“Right,” Chrístõ said. “Go and tell your friends to meet up at the old oak tree in twenty minutes. Julia, tell yours. And pass the message to as many of my class as you can find. I’m just going somewhere, quickly.”

He turned and ran out of the park. He used a timefold as he passed the gate, so that the ‘special officers’ saw nothing but a blur. He did the same several times in order to bring him home as quickly as possible. He ran up the stairs and into his bedroom, finding his TARDIS key in his pocket as Humphrey bounded along behind him.

“Short trip,” he said. “I can’t enter the time vortex, but I should be safe to take a quick hop to the park.”

Humphrey trilled his agreement as Chrístõ programmed a spatial co-ordinate by the old oak tree on Earth Park. By old, of course, that meant it had been planted there no more than about fifty years ago, but the oak tree had been brought from earth as a partially grown tree, nurtured throughout the two year journey in a hydroponics bay and transplanted in the park as the oldest living tree on the planet. It now looked like it had been there forever.

Chrístõ’s TARDIS looked as if it had been there forever, too, disguised as a small tool shed. He stood at the door and watched as Julia led all of the young people they could find to it. There were rather more, in fact, than he expected. The core of immediate friends had been joined by others who had guessed something was going on.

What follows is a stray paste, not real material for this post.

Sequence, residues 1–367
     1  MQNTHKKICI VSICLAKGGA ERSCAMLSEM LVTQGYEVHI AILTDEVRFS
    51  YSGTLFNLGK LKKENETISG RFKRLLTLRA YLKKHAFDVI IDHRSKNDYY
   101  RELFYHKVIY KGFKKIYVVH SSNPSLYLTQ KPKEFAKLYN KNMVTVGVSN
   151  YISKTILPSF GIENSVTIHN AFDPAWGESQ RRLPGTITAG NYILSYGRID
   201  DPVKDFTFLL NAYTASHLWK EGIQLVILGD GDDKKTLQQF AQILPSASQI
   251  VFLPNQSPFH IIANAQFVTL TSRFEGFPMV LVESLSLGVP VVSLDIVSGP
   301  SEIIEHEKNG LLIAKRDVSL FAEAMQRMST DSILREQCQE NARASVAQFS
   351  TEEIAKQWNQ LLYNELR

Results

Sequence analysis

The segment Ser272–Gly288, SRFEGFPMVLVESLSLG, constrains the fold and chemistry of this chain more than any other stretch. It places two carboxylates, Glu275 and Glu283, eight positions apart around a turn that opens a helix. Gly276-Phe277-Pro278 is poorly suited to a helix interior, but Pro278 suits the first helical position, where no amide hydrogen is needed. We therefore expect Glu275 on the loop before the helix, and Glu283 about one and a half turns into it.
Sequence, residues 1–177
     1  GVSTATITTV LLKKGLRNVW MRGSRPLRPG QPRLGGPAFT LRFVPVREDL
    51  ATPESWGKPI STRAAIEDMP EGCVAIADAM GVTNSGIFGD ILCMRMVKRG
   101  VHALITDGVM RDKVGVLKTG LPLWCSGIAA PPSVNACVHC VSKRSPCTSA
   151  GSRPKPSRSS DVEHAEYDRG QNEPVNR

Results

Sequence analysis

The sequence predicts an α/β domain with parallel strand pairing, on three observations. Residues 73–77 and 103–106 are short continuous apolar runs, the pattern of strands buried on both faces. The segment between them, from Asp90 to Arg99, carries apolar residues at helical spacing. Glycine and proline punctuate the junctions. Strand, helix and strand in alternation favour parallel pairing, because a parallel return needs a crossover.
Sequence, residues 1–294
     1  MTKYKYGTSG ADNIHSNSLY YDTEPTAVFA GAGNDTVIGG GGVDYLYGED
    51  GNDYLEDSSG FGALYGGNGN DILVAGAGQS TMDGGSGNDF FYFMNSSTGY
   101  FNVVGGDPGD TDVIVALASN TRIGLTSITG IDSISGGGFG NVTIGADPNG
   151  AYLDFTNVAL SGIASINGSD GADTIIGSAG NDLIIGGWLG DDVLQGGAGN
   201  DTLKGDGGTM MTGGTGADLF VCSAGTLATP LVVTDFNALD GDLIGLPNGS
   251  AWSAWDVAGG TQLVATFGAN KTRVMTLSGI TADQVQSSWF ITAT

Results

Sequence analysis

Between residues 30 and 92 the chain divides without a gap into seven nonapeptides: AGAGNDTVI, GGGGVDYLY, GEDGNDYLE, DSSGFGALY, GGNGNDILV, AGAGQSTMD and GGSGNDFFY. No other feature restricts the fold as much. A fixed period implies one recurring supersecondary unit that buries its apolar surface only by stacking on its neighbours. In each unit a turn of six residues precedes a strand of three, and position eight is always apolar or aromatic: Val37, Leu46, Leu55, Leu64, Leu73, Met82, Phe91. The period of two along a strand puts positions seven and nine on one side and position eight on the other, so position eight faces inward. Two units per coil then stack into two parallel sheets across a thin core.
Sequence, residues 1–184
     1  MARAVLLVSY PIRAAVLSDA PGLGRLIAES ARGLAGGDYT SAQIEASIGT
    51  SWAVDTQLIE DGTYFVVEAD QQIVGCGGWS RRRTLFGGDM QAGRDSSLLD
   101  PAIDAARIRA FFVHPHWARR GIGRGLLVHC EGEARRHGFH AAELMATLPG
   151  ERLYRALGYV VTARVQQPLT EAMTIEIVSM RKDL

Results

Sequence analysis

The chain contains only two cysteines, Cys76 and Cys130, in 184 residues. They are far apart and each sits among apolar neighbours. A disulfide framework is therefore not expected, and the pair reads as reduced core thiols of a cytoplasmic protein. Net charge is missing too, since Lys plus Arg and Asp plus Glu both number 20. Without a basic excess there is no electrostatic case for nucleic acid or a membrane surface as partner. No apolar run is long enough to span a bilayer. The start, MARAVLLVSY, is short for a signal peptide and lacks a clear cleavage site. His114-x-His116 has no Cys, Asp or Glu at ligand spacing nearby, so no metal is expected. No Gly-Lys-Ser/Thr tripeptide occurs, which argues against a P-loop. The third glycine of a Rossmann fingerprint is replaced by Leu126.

The ‘special police’ were guessing something, too, he noticed, and starting to turn towards the illegal congregation of under sixteens.

“Everybody in here,” he said. “Quickly. Julia, you show them the way to the in potentia room. I’ve set something up there.”

Some of the youngsters looked puzzled. There were nearly fifty of them and the shed didn’t look big enough for four to stand up comfortably. But after the first dozen had gone in through the door a rumour went about that this was some kind of magic box. Which was about true, really.

“Don’t touch anything in the console room,” Chrístõ called out, though he had ensured that all the vital controls were locked off. He ushered the last few youngsters inside and looked around to see the ‘specials’ wondering where the crowd had gone, then he shut the door. He didn’t need to move the TARDIS anywhere else. Once he closed the door nobody could open it and they were all safe inside.

Humphrey followed him along to the in potentia room. He had already settled on what it should look like, something that would accommodate everyone, including himself.